« AnteriorContinuar »
“ New occasions teach new duties; Time makes an
cient good uncouth; They must upward still and onward who would keep
abreast of Truth: Lo, before us gleam her camp-fires! we ourselves
must Pilgrims be, Launch our Mayflower, and steer boldly through the
desperate winter sea. Charles Sumner, Works (Boston, 1875), III. 270-275 passim.
6. The Pilgrim Fathers (1620)
By John BOYLE O'REILLY
An Irish immigrant living in Boston who appreciated the service of all the races to their common country.
ONE righteous word for Law—the common will;
One living truth of Faith-God regnant still;
One primal test of Freedom—all combined;
One sacred Revolution—change of mind;
One trust unfailing for the night and need-
The tyrant-flower shall cast the freedom-seed.
So held they firm, the Fathers aye to be,
From home to Holland, Holland to the sea;
Pilgrims for manhood, in their little ship,
Hope in each heart and prayer on every lip.
They could not live by king-made codes and
They chose the path where every footstep
bleeds. Protesting, not rebelling; scorned and banned; Through pains and prisons harried from the
Through double exile,—till at last they stand
Apart from all,-unique, unworldly, true,
Selected grain to sow the earth anew;
A winnowed part, a saving remnant they;
Dreamers who work, adventurers who pray!
What vision led them? Can we test their
prayers? Who knows they saw no empire in the West? The later Puritans sought land and gold, And all the treasures that the Spaniard told; What line divides the Pilgrims from the rest?
We know them by the exile that was theirs;
Their justice, faith, and fortitude attest.
And then the preparation—the heart-beat
Of wayfarers who may not rest their feet;
Their pastor's blessing — the farewells of
some Who stayed in Leyden. Then the sea's wide
blue ! “They sailed," writ one, "and as they sailed they
knew That they were Pilgrims !"
On the wintry main God flings their lives as farmers scatter grain. Mis breath propels the wingéd seed afloat; His tempests swerve to spare the fragile boat; Before his prompting terrors disappear; He points the way while patient seamen steer; Till port is reached, nor North, nor South, but
Here, where the shore was rugged as the waves,
Where frozen nature dumb and leafless lay,
And no rich meadows bade the Pilgrims stay,
Was spread the symbol of the life that saves :
To conquer first the outer things; to make
Their own advantage, unallied, unbound;
Their blood the mortar, building from the
Their cares the statutes, making all anew;
To learn to trust the many, not the few;
To bend the mind to discipline; to break
The bonds of old convention, and forget
The claims and barriers of class; to face
A desert land, a strange and hostile race,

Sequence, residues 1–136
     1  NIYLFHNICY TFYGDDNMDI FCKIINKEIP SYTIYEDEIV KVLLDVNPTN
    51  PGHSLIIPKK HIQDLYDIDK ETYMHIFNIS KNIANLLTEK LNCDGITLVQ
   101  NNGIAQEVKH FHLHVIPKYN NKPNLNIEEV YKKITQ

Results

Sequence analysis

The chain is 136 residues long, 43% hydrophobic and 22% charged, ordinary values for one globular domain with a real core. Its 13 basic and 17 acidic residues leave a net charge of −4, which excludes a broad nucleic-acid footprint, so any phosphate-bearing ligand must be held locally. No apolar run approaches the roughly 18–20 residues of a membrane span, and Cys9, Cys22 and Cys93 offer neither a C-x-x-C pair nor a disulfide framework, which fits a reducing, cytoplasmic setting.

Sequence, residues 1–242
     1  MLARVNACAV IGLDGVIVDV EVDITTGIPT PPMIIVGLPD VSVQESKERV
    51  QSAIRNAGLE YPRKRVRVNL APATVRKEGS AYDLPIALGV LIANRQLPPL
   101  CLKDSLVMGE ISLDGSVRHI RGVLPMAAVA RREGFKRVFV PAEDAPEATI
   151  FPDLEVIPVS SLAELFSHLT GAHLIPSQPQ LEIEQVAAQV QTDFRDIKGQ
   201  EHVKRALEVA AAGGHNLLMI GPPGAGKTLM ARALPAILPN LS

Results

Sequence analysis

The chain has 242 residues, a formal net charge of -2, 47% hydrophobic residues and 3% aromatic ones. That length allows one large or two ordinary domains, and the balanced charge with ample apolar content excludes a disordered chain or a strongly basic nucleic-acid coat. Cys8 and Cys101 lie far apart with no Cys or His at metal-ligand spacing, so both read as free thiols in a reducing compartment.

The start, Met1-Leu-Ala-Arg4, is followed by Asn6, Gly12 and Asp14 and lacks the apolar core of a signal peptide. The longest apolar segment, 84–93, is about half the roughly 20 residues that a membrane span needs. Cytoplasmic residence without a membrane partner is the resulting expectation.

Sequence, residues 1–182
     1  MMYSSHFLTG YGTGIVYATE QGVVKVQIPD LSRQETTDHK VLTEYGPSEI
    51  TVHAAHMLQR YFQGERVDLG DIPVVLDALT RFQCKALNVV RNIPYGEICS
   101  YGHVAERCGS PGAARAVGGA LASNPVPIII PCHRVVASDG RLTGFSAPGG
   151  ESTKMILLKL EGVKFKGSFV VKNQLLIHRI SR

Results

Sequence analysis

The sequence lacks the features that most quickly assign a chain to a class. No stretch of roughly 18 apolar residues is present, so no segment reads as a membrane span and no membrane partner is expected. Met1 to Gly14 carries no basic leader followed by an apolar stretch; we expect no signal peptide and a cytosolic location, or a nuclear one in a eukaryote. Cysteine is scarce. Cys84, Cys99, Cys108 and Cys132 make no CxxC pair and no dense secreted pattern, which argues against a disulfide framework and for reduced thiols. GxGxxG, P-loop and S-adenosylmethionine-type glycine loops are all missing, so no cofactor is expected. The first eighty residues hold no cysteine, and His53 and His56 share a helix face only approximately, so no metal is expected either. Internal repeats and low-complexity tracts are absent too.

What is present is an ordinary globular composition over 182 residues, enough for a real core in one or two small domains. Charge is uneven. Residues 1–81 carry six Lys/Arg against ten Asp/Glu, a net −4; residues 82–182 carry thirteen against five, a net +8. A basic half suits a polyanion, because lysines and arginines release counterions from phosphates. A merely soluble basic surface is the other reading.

And conquer both to friendship by the debt
That Nature pays to justice, love, and toil.
Here, on this rock, and on this sterile soil,
Began the kingdom not of kings, but men:
Began the making of the world again.
Here centuries sank, and from the hither brink
A new world reached and raised an old-world
link, When English hands, by wider vision taught, Threw down the feudal bars the Normans
brought, And here revived, in spite of sword and stake, Their ancient freedom of the Wapentake! Here struck the seed-the Pilgrims' roofless town, Where equal rights and equal bonds were set, Where all the people equal-franchised met; Where doom was writ of privilege and crown; Where human breath blew all the idols down; Where crests were nought, where vulture flags
were furled, And common men began to own the world!
Give praise to others, early-come or late,
For love and labor on our ship of state;
But this must stand above all fame and zeal:
The Pilgrim Fathers laid the ribs and keel.
On their strong lines we base our social health,
The man—the home—the town—the common-
The faith was theirs: the time had other needs.
The salt they bore must sweeten worldly deeds.
There was a meaning in the very wind
That blew them here, so few, so poor, so strong,
To grapple concrete work, not abstract wrong.
When waves of ages have their motive spent
Thy sermon preaches in this Monument,
Where Virtue, Courage, Law, and Learning sit;
Calm Faith above them, grasping Holy Writ;
White hand upraised o'er beauteous, trusting eyes,
And pleading finger pointing to the skies !
The past is theirs, the future ours; and we
Must learn and teach. Oh, may our record be
Like theirs, a glory, symbolled in a stone,
To speak as this speaks, of our labors done.
They had no model; but they left us one.
In every land wherever might holds sway
The Pilgrims' leaven is at work to-day.
The Mayflower's cabin was the chosen womb
Of light predestined for the nations' gloom.
God grant that those who tend the sacred flame
May worthy prove of their Forefathers' name.
More light has come,-more dangers, too,
New prides, new greeds, our high condition vex.
The Fathers fled from feudal lords, and made
A freehold state ; may we not retrograde
To lucre-lords and hierarchs of trade.
May we, as they did, teach in court and school,
There must be classes, but no class shall rule:
The sea is sweet, and rots not like the pool.
Though vast the token of our future glory,
Though tongue of man hath told not such a